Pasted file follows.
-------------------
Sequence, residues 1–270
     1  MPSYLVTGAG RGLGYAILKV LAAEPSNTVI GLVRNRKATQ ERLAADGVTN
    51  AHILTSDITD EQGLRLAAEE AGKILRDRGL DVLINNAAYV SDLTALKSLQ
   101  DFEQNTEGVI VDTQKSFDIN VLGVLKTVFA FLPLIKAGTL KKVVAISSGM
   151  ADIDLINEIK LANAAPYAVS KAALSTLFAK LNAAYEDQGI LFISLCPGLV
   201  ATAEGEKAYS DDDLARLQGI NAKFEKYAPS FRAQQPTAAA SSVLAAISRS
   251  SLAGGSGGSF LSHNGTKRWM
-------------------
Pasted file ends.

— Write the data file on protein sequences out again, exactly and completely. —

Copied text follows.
Sequence, residues 1–270
     1  MPSYLVTGAG RGLGYAILKV LAAEPSNTVI GLVRNRKATQ ERLAADGVTN
    51  AHILTSDITD EQGLRLAAEE AGKILRDRGL DVLINNAAYV SDLTALKSLQ
   101  DFEQNTEGVI VDTQKSFDIN VLGVLKTVFA FLPLIKAGTL KKVVAISSGM
   151  ADIDLINEIK LANAAPYAVS KAALSTLFAK LNAAYEDQGI LFISLCPGLV
   201  ATAEGEKAYS DDDLARLQGI NAKFEKYAPS FRAQQPTAAA SSVLAAISRS
   251  SLAGGSGGSF LSHNGTKRWM